Generation Z

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If you are working with teens in your library, you may have already begun to investigate the nuances of “Generation Z.” If not, don’t worry—you still have time. Over the last couple of years, there have been numerous articles and studies examining what makes the generation of people born between 1996 and 2011 different from Millennials. These are the young adults now entering the workforce, the tweens and teens in your Makerspaces, and the kids in your after-school programs. These young people access and process information in ways, and at speeds, we can’t even imagine. Researchers say they are more serious, more entrepreneurial, and more culturally and ethnically diverse than the generation that precedes them.

“What do teens want?” is a question we wrestle with in the library every day. How do we keep kids reading? How do we keep kids coming to the library when they’re old enough for sports and other extracurricular activities? How do we turn these kids into adults who advocate and vote to support libraries?

As a collection development librarian, giving readers what they want is my primary goal. Every year at the two American Library Association conferences I attend, I make sure to attend a “teen feedback session,” where the YALSA Best Fiction for Young Adults committee invites local teens to come up to the mic and share their opinions about the year’s best books. I am always impressed and moved by the nuanced reading, articulate opinions, and humor shared by these teens in front of a room packed with a hundred or so adults.

These young people are from diverse backgrounds and seek characters who not only reflect the particular circumstances they see around them, but reflect the hard truths about growing up in a difficult world. They are looking for authentic characters with authentic voices. The shifting genres in young adult publishing reflect this, as well. By far the biggest publishing trends aimed at Generation Z are realistic fiction, dystopian novels...and political intrigue set in space (“dystopian science fiction,” maybe?).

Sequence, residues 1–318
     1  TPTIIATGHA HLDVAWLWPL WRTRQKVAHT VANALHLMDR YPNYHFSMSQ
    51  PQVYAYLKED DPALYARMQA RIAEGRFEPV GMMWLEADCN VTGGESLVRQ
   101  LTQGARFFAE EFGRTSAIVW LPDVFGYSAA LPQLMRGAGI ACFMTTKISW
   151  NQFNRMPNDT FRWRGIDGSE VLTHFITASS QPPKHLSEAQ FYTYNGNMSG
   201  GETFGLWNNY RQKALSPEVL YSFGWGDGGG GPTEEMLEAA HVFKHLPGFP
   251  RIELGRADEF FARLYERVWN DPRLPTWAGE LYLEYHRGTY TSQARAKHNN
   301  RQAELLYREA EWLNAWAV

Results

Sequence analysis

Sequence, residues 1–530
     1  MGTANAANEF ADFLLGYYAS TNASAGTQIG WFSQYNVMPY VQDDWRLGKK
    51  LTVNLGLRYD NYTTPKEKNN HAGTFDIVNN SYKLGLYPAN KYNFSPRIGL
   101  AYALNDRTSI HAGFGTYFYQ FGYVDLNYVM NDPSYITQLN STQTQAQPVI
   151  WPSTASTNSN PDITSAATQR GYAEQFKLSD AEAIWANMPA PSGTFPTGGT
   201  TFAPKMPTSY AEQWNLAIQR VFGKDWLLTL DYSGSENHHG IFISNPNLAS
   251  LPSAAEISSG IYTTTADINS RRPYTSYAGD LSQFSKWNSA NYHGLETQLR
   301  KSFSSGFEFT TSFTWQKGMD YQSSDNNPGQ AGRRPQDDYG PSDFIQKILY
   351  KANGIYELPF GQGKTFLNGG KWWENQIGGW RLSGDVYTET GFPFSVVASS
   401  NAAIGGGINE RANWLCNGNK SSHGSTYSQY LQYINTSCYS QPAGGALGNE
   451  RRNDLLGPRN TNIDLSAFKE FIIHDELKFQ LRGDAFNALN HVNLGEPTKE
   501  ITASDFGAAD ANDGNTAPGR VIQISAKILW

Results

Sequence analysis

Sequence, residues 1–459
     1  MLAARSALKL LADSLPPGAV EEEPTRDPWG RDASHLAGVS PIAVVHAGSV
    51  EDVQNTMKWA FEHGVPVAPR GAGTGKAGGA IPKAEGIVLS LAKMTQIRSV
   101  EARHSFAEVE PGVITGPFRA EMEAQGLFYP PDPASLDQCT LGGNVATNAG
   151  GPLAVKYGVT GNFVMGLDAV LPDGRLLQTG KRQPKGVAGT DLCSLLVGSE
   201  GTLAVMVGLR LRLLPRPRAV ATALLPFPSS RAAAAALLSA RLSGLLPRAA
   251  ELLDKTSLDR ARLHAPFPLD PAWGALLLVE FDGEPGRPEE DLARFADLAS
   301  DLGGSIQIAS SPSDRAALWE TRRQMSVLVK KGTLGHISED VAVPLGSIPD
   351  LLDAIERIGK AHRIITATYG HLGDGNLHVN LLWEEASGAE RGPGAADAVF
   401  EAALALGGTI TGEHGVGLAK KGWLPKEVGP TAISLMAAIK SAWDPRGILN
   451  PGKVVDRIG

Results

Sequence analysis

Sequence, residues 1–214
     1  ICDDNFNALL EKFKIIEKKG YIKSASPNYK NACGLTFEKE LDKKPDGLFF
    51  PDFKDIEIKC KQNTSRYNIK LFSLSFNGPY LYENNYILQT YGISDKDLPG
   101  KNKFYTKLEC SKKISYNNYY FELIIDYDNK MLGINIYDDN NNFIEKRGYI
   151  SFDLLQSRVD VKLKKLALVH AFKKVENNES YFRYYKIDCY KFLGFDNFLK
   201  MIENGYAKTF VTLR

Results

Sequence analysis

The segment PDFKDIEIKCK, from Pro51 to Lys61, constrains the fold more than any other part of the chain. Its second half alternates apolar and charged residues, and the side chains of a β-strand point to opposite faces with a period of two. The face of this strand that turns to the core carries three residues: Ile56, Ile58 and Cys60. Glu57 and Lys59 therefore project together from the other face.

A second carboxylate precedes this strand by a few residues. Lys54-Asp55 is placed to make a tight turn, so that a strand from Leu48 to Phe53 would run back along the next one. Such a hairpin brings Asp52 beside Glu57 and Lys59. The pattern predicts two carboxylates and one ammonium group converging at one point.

National Public Radio recently aired a story set in a library book club, in which the teens talked about why they gravitate toward dystopian plots. While we librarians have always said, “Oh, high school IS a dystopia, that’s why these are so popular,” it is more than that now. These teens are already burdened by a nonstop barrage of heavy world news, environmental fears, and a constantly shifting set of cultural norms. As a result, today's young people relate to dystopia more than ever.
(https://www.npr.org/sections/ed/2017/12/18/536007249/why-teens-find-the-end-of-the-world-so-appealing)

Publishers are doing a better job of finding and marketing authors of diverse ethnic backgrounds and also diverse points of view. Teens are finding titles featuring black, brown, biracial, and other ethnic characters in every kind of setting: romances, gritty urban stories, facing parental pressures, and starring on reality TV in space. Readers are able to find characters who are asexual, bisexual, homosexual, transsexual—or raised by parents who are. And increasingly, these characters are facing dilemmas other than their sexuality, thereby taking sexual identity out of “problem novel” status.

Librarians can help support this newest generation by creating a library collection full of titles for every kind of reader, about characters we may not see in our library, but whom kids will encounter in the world. We can create an environment that is open to questions and conversations. The library is for everyone; it’s time to share that wonderful philosophy with a new generation of readers.

Browse this list for titles full of diverse experiences and characters for teens. What Teens Want

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